David Ruggles was born free on March 15, 1810 in Lyme, Connecticut and became one of the most influential and controversial black abolitionists in the United States. He moved to New York in 1827 and almost immediately became involved in the abolitionist movement. He owned and operated the first black bookstore in the nation and sheltered fugitives in his home. In 1835, he and several like-minded black abolitionists formed the New York Committee of Vigilance. He wrote hundreds of articles, letters and pamphlets on issues facing New York’s black community and events in the abolitionist movement. He resigned from the Committee of Vigilance in 1839 following a dispute and moved to Northampton, Massachusetts in 1841.
David Walker incited frenzy in the South when he published and circulated his Appeal in Four Articles in 1830. The Appeal called on enslaved blacks to violently overthrow their oppressors. Walker was born a free man in North Carolina but witnessed the horrors of slavery. He moved to Boston in 1825 and wrote the first edition of his Appeal in 1829.
On March 6, 1863 some of Detroit’s white residents began violently attacking black residents, looting and burning down black-owned or occupied property. Unrest grew out of news that a black man, Thomas Faulkner, had raped a young white girl, Mary Brown. While city authorities turned a blind eye, the angry mob torched thirty-five buildings, murdered one man, and severely injured many others. The bloody riot resulted in the establishment of a permanent police force in Detroit.
Detroit was one of the most active and important cities on the Underground Railroad and was a frequent destination for many of the nation’s leading abolitionists. Detroit, and Michigan as a whole, had a history of slavery under both French and English rule. It was officially abolished in 1837 when Michigan entered the Union, but Black Detroiters had long been fighting for freedom. In 1833 they saved Thornton and Ruthie Blackburn from being re-enslaved in Kentucky, efforts that led to the city’s first race riot. Second Baptist Church formed in 1836 and birthed many of the city’s abolitionist organizations.
The Detroit Historical Museum, located in Detroit, Michigan, is home to the ‘Doorway to Freedom and the Underground Railroad’ exhibition. The exhibition's website offers information fulfilling its mission to educate the public about the significant role Detroit played in the Underground Railroad. This website has engaging visual material and informational resources about nineteenth century Detroit.
The Dr. Nathan Thomas House in Schoolcraft, Michigan is a National Historic Landmark. Built in 1835, it was the home of one of Michigan's most active Underground Railroad participants, Dr. Nathan Thomas, a founding member of the state's Republican Party and Kalamazoo County's first physician. Operated by the Schoolcraft Historical Society, this website provides detailed information about Dr. Thomas and his wife Pamela Brown-Thomas, who in her memoirs wrote about their involvement in the UGRR. The website also provides educational tour information.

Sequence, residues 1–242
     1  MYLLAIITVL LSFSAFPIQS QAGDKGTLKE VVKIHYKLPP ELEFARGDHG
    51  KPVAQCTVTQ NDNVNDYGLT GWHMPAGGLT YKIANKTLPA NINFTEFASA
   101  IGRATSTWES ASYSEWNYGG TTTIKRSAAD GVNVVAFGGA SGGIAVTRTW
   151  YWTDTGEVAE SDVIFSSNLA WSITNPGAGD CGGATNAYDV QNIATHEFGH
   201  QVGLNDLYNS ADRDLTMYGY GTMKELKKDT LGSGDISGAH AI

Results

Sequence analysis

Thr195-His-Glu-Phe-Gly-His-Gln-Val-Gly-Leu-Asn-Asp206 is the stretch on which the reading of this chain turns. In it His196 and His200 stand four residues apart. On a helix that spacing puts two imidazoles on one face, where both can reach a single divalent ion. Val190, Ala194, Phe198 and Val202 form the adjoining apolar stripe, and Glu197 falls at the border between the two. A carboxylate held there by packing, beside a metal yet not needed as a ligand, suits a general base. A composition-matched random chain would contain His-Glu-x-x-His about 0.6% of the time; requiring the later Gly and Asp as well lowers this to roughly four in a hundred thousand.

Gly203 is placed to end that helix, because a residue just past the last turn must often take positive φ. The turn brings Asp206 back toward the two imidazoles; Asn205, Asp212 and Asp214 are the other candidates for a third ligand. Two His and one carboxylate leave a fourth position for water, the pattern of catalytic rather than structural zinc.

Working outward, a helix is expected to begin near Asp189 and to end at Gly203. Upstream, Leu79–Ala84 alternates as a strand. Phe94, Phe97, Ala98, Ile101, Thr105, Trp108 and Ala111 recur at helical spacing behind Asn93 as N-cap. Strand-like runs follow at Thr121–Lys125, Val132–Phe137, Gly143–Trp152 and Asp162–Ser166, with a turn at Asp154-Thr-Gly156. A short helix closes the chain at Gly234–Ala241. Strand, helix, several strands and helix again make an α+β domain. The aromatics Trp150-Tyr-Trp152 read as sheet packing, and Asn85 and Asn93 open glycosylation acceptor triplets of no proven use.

Scott v. Sandford, also known as the Dred Scott Decision, is one of the most important, controversial, devastating and revealing court cases in American history. Dred Scott began suing for his freedom from Irene Sanford in St. Louis in 1846, but a series of appeals brought the case to the United States Supreme Court in 1856. Chief Justice Roger B. Taney delivered the Court’s 7-2 decision in favor of Sanford, denying Scott his freedom. The ruling stated that African Americans were not citizens and that the federal government could not regulate slavery in states or territories.
Elijah McCoy’s parents were runaway slaves who escaped to Canada on the Underground Railroad. Born in Colchester, Ontario in 1843, McCoy went to Edinburgh, Scotland to study mechanical engineering when he was 15. McCoy revolutionized the locomotive industry in 1872 when he invented his steam engine lubricator, which oiled the moving parts of a steam engine while it was in transit.
Elijah P. Lovejoy was murdered on November 7, 1837, for reporting on abolitionist activity in his newspaper the Alton Observer. Born in Maine on November 9, 1802, Lovejoy graduated from Waterville College (now Colby) in 1826 and moved to St. Louis to teach. In 1833, after attending Princeton Theological Seminary, Lovejoy began publishing the St. Louis Observer. Anti-abolitionists ran him out of St. Louis, causing Lovejoy to settle and revamp his paper in Alton, Illinois. Though very unwelcomed, he continued to speak out against slavery. In 1837, a mob set fire to his printing press and shot him. The event turned him into a martyr in abolitionist circles across the nation.
Elizabeth Margaret and her brother Thomas were born in Centre, Delaware. After being orphaned in 1816, the siblings lived with their grandmother. Elizabeth attended Quaker schools until she was 12 or 13, and began writing for Benjamin Lundy’s Genius of Universal Emancipation. When their grandmother died, they moved in with their Aunt Ruth who moved the family to Michigan in 1830. In 1832, Elizabeth helped start the Logan Anti-Slavery Society and continued editing for Lundy’s paper. In 1836, Thomas became one of the founding members of the Michigan Anti-Slavery Society. After the death of his sister and aunt, Thomas hosted lecturing abolitionists at his family’s Michigan homestead.